“We should take action now,” said Manuel Pulgar-Vidal, President of the twentieth session of the Conference of Parties (COP20) to the United Nations Framework Convention on Climate Change and Minister of Peru. “We have already run most of the marathon,” he said, emphasizing that, now, it was imperative to “put all the pieces together”.
Laurent Fabius, Minister for Foreign Affairs of France and President of COP21, said climate change and humanity’s contribution could no longer be contested. The threat was global in nature, which required global action.
Xiuhtezcatl Roske Martinez, a 15-year-old civil society representative, said it would take truly united action to save the planet for his generation and those unborn. “Seeing my world collapsing around me pushed me to action,” he said, urging people to see climate change as a clear and present danger.
Also speaking this morning were Cardinal Peter K.A. Turkson, President of the Pontifical Council for Justice and Peace of the Holy See; Christiana Figueres, UNFCC Executive Secretary; and Vuk Jeremić, President of the Centre for International Relations and Sustainable Development.
The first panel discussion, on “Mobilizing political momentum for ambitious actions on mitigation, adaptation and means of implementation”, comprised two segments, the first of which was moderated by Achim Steiner, Executive Director of the United Nations Environment Programme (UNEP), who said people around the world were listening for signs of hope and action from the deliberations.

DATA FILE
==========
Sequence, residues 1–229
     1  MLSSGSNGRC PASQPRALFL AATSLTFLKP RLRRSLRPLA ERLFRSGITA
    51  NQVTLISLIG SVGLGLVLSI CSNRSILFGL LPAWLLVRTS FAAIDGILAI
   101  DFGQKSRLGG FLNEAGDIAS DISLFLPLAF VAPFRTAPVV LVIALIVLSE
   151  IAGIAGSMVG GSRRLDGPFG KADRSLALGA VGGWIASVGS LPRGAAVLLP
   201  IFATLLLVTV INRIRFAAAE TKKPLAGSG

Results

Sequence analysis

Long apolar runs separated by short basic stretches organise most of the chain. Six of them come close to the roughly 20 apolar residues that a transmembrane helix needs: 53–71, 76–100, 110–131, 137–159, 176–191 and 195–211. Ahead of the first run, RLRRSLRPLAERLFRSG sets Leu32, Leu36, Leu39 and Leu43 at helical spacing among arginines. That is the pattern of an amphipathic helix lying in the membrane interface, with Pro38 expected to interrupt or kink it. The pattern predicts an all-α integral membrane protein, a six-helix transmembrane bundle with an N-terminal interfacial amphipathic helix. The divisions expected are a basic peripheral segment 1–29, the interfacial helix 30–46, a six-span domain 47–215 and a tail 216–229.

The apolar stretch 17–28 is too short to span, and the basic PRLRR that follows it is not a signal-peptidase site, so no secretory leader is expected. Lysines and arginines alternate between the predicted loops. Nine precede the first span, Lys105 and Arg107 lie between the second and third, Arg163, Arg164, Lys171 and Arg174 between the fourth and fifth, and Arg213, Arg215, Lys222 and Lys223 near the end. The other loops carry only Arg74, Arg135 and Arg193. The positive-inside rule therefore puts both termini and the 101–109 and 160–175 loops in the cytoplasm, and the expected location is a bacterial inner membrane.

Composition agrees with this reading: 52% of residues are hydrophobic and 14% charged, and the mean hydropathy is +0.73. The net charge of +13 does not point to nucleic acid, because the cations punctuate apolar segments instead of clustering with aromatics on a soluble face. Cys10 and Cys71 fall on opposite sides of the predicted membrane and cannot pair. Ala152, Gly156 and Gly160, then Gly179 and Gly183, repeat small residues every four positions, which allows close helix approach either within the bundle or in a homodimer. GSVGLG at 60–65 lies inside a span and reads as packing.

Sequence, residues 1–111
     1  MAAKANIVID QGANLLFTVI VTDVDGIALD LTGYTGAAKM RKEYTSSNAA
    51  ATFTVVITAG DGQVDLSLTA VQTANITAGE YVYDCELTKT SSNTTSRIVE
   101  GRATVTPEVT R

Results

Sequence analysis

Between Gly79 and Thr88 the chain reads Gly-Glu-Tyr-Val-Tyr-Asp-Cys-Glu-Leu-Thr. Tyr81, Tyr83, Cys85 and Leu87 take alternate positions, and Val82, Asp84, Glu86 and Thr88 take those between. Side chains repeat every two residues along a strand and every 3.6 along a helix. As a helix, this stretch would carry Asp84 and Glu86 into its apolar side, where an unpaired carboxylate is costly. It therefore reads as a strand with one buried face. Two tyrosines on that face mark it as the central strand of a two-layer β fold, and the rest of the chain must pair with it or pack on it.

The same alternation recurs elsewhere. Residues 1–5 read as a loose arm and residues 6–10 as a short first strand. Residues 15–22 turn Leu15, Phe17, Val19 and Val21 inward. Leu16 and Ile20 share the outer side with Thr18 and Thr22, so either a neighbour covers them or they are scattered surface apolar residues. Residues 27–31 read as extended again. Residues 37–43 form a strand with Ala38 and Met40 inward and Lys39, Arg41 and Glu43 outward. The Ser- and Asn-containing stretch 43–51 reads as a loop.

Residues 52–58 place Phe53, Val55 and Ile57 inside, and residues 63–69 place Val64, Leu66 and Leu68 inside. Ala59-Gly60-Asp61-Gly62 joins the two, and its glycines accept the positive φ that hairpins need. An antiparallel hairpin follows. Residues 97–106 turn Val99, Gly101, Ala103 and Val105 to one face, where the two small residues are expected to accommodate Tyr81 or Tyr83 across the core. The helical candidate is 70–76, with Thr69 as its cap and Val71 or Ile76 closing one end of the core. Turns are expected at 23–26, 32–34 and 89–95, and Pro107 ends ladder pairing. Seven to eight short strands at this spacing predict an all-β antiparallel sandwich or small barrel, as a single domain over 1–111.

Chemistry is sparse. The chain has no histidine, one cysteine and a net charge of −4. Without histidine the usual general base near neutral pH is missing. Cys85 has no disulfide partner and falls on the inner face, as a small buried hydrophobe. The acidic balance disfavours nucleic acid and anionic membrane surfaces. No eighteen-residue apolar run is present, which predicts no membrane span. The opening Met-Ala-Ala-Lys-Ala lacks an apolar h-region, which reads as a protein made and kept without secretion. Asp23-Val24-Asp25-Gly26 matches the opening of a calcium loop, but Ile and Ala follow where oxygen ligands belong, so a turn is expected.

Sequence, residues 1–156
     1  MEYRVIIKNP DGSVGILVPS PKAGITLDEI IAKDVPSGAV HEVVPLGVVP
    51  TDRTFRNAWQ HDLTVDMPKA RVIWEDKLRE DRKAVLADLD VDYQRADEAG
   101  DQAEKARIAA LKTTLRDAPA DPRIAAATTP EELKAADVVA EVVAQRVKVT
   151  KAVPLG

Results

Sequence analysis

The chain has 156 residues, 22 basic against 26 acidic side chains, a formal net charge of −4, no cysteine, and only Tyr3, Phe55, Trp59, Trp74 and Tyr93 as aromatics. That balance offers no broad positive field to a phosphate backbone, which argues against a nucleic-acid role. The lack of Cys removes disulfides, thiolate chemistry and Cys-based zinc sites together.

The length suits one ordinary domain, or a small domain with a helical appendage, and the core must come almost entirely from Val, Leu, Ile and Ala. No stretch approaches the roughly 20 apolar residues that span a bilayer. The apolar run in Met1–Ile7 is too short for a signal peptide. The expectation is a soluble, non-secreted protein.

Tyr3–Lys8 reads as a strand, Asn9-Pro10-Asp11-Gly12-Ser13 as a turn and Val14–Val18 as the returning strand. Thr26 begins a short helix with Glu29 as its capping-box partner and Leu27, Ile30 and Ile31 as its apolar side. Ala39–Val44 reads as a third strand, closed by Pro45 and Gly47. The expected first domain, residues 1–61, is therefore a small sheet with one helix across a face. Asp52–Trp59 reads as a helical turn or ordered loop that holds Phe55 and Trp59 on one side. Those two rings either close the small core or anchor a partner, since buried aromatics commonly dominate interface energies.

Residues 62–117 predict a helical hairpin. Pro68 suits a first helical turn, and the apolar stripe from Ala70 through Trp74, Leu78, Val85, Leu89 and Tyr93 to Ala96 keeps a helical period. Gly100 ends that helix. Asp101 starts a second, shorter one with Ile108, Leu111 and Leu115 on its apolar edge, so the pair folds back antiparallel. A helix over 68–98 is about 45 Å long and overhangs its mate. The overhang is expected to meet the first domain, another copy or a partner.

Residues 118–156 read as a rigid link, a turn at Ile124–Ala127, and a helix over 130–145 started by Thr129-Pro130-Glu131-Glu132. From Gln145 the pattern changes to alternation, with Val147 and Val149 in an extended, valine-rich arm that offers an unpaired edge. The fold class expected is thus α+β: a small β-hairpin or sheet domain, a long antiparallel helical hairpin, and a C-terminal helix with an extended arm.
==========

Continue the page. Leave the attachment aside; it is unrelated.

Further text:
Ahmed Djoghlaf, co-chair of the Ad-hoc Group on the Durban Platform for Enhanced Action, also speaking for his colleague, Daniel Reifsnyder, said a new and ambitious strategy to win the climate war depended on the collective will and action of the international community. “The clock is ticking and time is of essence,” he said, calling for productive use of the weeks before the Paris conference.
The panellists for the first segment were Izabella Monica Vieira Teixeira, Minister of Environment of Brazil; Dr. Khaled Fahmy, Minister for Environment of Egypt and President of the African Ministers Conference on Environment; Thoriq Ibrahim, Minister for Environment and Energy of Maldives; Xie Zhenhua, Special Representative on Climate Change of China; and Miguel Arias Canete, Commissioner of the European Union in charge of Energy and Climate Change.
Ms. Teixeira stressed the need for fair, inclusive and equitable agreement to enable movement towards a new paradigm for development based on a low-emissions framework. Differentiation was a crucial element where each party could offer a fair contribution towards sustainable development.
Dr. Fahmy said Africans going to Paris were not looking for a rewriting of the UNFCCC, but its operationalization in such areas as adaptation, mitigation, transfer of technology and resources. Adaptation was an essential priority for Africa, the cost of which could hit $100 billion a year by 2050, he said, calling for a global partnership on renewable energy development.